• act as the axiomatically trusted device (an iTurtle) for the attestation process
  • provide attestation services without network connection

So how does it improve situation for the mentioned projects? As long as the firmware is protected the risk is not so high that the components have been tampered with. But the attestation process over the network may be hijacked or return untrustworthy result. By using fobnail, whole attestation and decision process is moved to the tiny USB device so that the user can confirm the result visually. This solves the problem of untrusted networks or attestation servers.

Secondly if we do not trust that the firmware is bug-free and provides reliable measurements one may use D-RTM when booting the target Linux kernel and perform the attestation based on D-TM measurements with Fobnail.

Thirdly when we look at TOTP/HOTP the whole decision process of secret unsealing is done on the platform, also the platform is responsible to display or send the 6 digit code to the display or USB token. This creates a potential risk that the code has been faked and the measurements aren’t really reliable. Fobnail removes such risk by moving the platform state evaluation on the token side. Before the Fobnail token becomes usable it must be provisioned first with:

  • Reference Integrity Measurement (RIM) Database (approved set of platform measurements)
  • Attestation Policy Database (decision policies used to evaluate the trustworthiness of the attestation data)
  • Attestation Protected Object (optional secret data that is going to be unsealed on successful attestation process)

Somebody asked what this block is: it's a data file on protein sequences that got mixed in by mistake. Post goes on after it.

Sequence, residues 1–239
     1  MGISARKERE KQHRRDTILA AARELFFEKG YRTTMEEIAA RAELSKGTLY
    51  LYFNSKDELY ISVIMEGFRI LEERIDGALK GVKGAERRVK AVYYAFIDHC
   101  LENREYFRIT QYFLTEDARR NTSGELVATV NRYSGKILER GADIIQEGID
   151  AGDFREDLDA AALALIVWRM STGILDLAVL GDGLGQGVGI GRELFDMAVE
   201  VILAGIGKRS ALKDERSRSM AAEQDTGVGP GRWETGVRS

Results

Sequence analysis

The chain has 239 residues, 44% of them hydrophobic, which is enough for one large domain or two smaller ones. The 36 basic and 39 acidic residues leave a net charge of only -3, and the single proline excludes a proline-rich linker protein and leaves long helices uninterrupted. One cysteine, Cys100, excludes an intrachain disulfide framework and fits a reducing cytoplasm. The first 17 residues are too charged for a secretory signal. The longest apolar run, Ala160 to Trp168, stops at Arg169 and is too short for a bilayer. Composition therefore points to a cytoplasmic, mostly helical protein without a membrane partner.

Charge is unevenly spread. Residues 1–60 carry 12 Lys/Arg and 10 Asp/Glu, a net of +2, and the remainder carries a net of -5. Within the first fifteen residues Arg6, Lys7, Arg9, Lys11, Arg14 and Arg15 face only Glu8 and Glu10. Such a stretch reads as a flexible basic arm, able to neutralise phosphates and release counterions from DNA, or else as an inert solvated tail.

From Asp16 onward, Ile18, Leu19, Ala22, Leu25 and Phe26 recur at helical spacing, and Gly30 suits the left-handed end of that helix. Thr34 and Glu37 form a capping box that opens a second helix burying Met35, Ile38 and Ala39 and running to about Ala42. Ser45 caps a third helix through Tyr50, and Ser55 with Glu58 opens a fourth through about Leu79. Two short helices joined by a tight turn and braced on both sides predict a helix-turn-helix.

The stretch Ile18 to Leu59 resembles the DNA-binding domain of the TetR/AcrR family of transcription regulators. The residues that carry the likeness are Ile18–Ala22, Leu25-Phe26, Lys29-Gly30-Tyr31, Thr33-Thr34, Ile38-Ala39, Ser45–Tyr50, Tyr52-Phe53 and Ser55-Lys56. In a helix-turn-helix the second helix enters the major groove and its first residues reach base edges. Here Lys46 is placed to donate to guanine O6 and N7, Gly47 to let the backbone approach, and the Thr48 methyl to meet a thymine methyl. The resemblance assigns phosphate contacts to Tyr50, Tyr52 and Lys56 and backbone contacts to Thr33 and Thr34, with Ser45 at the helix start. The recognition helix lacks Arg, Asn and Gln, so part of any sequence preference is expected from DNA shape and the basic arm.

• Identity and encryption certificates

So Fobnail knows about all the known good platform states. The host responsibility in the attestation process is to provide the TPM quote (set of platform integrity measurements, event logs, etc.) signed by the attestation key to the token for evaluation. Then the decision is returned to the host and indicated to the platform owner with a physical or digital response. Fobnail is also a flexible architecture which allows to perform the attestation of multiple devices (by using multiple RIMs and policies).

As you can see the decision process is now done in the secure environment unlike the example heads boot flow. This doesn’t however resolve the problem of reliable measurements if the Static Root of Trust measurements are used. There is still the risk that the measurement have been faked because firmware has been tampered with or was not protected. With the help comes the D-RTM. Imagine compromised heads boot flow but this time the USB token is compliant with Fobnail architecture:

As you can see the firmware measurements may be replayed if the firmware is not protected and we cannot avoid this, but still we may use D-RTM to securely perform the measurements of operating system components and use these to perform attestation to get a trustworthy decision about platform software state.


Fobnail token is the future of the remote attestation attestation. This project funded by the NLnet is only the beginning. We believe in open source and by making the Fobnail open hardware and open software we hope it may be improved by community and integrated by many USB security token vendors. Currently we are looking for early adopters in area of:

  • security hardware companies (USB token providers)
  • network appliance manufacturers
  • laptop OEMs
  • public and private cloud providers

which would like to integrate or offer Fobnail as a part of their products/services. In return 3mdeb offers commercial support and associated marketing for the adopters. If you think Fobnail may enhance your products or security of your devices do not hesitate to contact us. Feel free to book a call with us or drop us email to contact<at>3mdeb<dot>com. If you are interested in similar content feel free to sign up to our newsletter

Michał Żygowski
Firmware Engineer with networking background. Feels comfortable with low-level development using C/C++ and assembly. Interested in advanced hardware features, security and coreboot. Core developer of coreboot. Maintainer of Braswell SoC, PC Engines, Protectli and Libretrend platforms.